Software Metrics

SOFTWARE METRICS

Software metrics are quantifiable measures that could be used to measure differentcharacteristics of a software system or the software development process.

Metrics and measurement are necessary aspects of managing a software development project. For effective monitoring, the management needs to get information about the project : how far it has progressed, how much development has taken place, how far behind schedule it is, and the quality of the development so far. Based on this information, decisions can be made about the project. Without proper metrics to quantify the required information, subjective opinion would have to be used, .which is often unreliable and goes against the fundamental goals of engineering. Hence, we can say that metrics-based management is also a key component in the software engineering strategy to achieve its objectives.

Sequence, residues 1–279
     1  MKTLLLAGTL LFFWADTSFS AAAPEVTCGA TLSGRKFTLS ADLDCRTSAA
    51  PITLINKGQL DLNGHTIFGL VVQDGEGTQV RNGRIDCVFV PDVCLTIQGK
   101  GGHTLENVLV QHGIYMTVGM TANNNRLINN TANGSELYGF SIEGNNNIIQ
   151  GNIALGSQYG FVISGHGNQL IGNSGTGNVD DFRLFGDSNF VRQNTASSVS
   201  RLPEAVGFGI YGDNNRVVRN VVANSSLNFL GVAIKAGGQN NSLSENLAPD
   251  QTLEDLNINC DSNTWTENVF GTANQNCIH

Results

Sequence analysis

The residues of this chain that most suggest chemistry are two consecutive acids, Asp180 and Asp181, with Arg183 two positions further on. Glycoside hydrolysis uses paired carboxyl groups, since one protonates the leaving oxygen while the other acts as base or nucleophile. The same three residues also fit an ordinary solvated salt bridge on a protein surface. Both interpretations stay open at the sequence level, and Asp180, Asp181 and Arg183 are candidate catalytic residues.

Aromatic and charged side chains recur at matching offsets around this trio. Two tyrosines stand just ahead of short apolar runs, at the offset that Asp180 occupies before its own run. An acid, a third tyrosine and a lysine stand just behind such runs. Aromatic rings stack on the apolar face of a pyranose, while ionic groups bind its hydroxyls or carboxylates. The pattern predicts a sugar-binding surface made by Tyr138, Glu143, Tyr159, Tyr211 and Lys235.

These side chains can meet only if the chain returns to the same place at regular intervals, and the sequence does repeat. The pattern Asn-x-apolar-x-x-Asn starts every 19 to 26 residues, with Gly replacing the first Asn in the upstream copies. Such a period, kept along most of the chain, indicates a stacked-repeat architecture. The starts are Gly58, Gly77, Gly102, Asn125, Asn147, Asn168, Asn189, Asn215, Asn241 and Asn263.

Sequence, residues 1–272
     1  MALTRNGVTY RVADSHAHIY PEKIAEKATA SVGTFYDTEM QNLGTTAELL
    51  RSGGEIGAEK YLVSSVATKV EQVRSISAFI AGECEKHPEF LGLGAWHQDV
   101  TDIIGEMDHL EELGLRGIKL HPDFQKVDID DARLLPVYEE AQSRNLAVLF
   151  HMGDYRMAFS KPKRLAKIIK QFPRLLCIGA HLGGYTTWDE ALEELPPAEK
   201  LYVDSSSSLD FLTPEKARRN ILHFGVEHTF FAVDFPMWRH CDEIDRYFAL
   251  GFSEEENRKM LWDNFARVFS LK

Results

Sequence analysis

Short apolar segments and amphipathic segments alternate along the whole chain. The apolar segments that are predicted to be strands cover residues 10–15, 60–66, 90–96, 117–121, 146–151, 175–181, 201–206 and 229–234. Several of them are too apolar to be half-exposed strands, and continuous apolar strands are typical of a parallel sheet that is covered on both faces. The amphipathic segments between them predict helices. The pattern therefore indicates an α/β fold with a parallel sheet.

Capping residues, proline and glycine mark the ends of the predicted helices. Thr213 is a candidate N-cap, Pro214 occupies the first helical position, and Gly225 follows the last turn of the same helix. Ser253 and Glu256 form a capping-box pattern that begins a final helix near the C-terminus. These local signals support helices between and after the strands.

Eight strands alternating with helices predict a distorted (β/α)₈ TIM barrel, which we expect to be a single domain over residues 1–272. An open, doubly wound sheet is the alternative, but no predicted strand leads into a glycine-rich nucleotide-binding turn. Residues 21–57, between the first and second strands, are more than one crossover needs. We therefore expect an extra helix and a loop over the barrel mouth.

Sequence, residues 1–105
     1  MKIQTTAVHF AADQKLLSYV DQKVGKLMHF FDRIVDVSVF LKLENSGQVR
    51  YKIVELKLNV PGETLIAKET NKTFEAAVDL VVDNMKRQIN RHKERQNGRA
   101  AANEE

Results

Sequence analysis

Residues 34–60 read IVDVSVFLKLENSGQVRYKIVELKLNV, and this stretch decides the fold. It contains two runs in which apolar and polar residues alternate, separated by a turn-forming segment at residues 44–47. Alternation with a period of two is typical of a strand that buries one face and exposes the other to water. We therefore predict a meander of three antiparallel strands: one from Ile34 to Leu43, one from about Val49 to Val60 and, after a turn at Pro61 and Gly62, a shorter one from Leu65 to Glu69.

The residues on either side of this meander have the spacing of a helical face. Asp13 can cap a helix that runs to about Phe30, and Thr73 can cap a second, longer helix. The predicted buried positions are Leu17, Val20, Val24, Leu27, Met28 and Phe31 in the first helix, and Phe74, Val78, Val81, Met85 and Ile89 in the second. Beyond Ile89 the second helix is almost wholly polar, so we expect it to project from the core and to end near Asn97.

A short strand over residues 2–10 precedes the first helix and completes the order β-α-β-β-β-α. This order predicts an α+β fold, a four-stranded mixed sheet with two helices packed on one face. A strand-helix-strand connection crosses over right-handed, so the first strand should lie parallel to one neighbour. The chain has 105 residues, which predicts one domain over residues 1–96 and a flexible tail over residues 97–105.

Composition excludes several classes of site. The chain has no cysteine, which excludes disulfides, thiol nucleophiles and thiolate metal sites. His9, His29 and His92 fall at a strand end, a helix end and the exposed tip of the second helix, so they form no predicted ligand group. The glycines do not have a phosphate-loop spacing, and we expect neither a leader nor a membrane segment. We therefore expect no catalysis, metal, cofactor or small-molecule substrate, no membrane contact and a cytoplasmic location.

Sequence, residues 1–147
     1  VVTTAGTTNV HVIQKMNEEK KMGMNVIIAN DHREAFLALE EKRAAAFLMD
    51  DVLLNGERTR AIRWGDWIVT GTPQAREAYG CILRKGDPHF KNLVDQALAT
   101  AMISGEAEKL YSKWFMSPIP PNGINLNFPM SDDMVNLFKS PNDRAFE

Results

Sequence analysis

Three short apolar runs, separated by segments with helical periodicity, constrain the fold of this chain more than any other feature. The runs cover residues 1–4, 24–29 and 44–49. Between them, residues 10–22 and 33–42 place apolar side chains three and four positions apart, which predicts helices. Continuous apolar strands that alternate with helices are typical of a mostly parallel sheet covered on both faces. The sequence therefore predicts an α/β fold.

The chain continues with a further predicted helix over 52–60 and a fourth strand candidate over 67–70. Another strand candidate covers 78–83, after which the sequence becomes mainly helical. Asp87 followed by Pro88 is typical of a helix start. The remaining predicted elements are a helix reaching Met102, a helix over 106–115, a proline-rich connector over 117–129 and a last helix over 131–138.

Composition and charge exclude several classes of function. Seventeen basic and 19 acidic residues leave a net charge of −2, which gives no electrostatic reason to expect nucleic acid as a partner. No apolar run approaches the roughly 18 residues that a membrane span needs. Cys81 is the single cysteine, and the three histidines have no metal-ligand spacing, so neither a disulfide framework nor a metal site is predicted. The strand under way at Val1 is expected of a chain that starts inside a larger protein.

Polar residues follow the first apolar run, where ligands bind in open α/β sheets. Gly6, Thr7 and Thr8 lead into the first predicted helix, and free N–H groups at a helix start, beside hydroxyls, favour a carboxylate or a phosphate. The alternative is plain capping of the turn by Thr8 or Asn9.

Definition

Software metrics can be defined as The continuous application of measurement based techniques to the software development process and its products to supply meaningful and timely management information, together with the use of those techniques to improve that process and its products.

Metrics ensure that the final product is of high quality and the productivity of the project stays high. In this sequence metrics for intermediate products of requirements and design is to predict or get some idea about the metrics of the final product. Several metrics have been designed for coding namely size, complexity, style and reliability.

Categories of Metrics

There are three categories of software metrics, which are as follows :